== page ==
If you try to develop software with more than one developer involved, you run immediately into problems. While working, developers change something and all the other developers involved in that project need to update it in some way. If the changes were not that good, there should also be a possibility to rollback to a previous state or to restore the code in other ways. The problems even get harder when the developers are spread in different time zones all over the world.
The first solution to that problem is a centralised repository. This repository is managed by a revision/version control system. Changes are usually identified by a number and are called revisions. For example, an initial set of files is revision 1. When the first change is made, the resulting set is revision 2, and so on. Each revision is associated with a timestamp and the person making the change. Revisions can be compared, restored, and with some types of files, merge (Figure 1).
Figure 1: Centralized Workflow (Image https://github.com/schacon/whygitisbetter)
There are different strategies to work with different versions of code. One important word in this context is commit. Commits are operations which tell the revision control system you want to make a group of changes you have been making final and available to all users. Depending on the strategy of the system, commits are "atomic" or "file based". There are pros and cons for each strategy.
If you have a big team of developers it is often the case that they are working on the same source code file. After a commit, the old and the new file have to be merged. This is easily possible in text files and nearly impossible in media files (images, sound, video).
Most projects have different versions of the software like a stable branch and a development branch. Therefore, it is necessary to have a kind of tagging feature in the system.
Distributed revision control
The repository is still central (the blessed repository), but in a distributed model the developer is allowed to have different versions/branches on the local workstation. The developer can decide whether the branches are public or local. This feature has a few advantages.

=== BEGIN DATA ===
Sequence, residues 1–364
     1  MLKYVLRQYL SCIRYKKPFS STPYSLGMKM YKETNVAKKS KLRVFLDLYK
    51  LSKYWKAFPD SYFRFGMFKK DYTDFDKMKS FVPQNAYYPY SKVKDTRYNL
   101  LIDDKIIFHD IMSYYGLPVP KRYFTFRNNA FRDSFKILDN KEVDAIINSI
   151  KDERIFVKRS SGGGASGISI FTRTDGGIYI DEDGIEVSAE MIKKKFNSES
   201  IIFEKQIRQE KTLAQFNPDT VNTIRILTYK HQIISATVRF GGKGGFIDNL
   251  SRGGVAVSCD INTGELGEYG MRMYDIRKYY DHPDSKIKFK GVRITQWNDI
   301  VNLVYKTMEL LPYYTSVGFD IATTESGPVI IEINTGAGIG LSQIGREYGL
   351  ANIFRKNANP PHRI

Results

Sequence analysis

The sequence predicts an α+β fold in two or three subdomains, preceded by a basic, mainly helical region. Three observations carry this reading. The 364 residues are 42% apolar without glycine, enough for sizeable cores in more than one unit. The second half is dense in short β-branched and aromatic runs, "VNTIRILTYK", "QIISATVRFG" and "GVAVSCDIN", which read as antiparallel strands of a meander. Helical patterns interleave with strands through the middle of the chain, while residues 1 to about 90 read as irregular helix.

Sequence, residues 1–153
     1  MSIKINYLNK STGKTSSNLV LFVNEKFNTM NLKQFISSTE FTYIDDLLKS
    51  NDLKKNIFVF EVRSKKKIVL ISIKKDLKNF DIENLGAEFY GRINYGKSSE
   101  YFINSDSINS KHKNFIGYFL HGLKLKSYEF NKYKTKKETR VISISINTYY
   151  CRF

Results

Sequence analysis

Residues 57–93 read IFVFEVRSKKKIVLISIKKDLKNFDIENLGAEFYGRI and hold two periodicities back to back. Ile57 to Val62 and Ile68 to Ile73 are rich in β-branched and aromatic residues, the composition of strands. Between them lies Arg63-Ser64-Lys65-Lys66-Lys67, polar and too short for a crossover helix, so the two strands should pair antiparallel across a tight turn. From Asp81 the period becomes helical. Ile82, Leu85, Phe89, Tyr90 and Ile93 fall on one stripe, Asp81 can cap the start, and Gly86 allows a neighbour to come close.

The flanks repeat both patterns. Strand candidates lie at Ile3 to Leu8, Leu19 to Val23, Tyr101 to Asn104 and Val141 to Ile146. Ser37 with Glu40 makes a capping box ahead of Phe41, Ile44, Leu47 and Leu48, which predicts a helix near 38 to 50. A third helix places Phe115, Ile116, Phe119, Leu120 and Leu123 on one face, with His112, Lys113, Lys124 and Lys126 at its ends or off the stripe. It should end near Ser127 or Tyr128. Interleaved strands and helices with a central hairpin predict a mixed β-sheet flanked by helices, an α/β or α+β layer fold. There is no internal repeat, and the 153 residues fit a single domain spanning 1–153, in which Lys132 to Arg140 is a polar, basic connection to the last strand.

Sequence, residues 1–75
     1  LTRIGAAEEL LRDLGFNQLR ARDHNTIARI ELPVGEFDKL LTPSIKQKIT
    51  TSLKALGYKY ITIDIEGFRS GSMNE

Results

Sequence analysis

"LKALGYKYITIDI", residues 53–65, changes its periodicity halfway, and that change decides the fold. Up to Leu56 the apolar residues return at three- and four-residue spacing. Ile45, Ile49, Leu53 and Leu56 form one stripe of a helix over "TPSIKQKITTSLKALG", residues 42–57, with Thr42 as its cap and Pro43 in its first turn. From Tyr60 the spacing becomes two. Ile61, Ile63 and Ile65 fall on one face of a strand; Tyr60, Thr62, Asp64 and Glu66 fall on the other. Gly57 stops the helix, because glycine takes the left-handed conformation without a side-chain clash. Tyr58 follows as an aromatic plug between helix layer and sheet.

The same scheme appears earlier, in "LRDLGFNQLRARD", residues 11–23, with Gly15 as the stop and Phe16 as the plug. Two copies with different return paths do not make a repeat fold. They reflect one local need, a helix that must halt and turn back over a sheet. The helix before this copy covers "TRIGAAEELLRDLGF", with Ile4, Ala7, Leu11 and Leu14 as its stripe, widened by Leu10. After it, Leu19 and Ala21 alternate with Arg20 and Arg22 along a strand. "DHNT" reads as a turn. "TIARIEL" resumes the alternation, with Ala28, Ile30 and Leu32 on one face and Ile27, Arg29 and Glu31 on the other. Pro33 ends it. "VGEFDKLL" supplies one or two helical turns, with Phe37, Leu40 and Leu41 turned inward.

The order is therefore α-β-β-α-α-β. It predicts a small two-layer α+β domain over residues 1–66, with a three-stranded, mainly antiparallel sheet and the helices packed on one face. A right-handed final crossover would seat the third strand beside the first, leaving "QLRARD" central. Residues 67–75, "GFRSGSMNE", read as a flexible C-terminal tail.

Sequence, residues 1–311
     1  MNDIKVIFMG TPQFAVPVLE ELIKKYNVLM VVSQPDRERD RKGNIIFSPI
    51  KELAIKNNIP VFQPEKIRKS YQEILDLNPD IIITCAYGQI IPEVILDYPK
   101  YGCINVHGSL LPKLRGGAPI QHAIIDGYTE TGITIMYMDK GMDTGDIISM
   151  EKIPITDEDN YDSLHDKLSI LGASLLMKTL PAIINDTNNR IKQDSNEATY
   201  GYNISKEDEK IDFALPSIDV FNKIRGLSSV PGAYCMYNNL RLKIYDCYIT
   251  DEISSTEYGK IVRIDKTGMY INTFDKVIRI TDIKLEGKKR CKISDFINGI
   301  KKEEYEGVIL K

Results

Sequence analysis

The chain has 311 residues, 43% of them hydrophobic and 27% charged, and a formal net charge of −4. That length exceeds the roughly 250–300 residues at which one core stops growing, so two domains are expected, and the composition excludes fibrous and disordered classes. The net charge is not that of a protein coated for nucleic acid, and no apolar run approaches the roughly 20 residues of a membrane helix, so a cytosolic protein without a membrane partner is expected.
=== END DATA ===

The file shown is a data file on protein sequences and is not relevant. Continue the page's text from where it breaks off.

It is possible to
- create a branch, try out an idea, play around with it (commit, switch back), then merge it to the central respository.
- have branches from different states of the software
Depending on the size of the project, there has to be one person (integration manager) that pulls the changes of the developers in to the central repository (Figure 2).
Figure 2: Decentralized Workflow (Image https://github.com/schacon/whygitisbetter)
Dictator and Lieutenants Workflow
If the project is bigger, like it’s the case for Joomla!, another level of hierarchy is used. The first integrators (lieutenants) are running a subsystem to merge in all the changes. Afterwards the next integrator (the boss or the dictator), which is only able to merge the changes of the subsystem, is responsible for the central repository Figure 3).
Figure 3: Dictator and Lieutenants Workflow (Image https://github.com/schacon/whygitisbetter)
Software like GIT is called distributed revision control system (DRCS). Distributed version control or decentralised version control (DVCS) keeps track of software revisions and allows many developers to work on a given project without necessarily being connected to a common network.
The name and the history
Git was initially designed and developed by Linus Torvalds for Linux kernel development. The name git is British English slang for a stupid or unpleasant person
I'm an egotistical bastard, and I name all my projects after myself. First Linux, now git.
GitHub is a web-based hosting service for the Git revision control system. GitHub offers both commercial plans and free accounts for open source projects. GitHub is a kind of Facebook or Google+ for developers, you will love it.
Joomla! and GitHub
In 2011 the Joomla! CMS and the Joomla Platform moved to GitHub - https://github.com/joomla
How to start?
Just create a user on GitHub and download the GitHub client to manage your local branches. In your local GitHub client you have to sign in and can start creating repositories. Try it - it's easy and fun (Figure 4)
Figure 4: Git Client (OSX)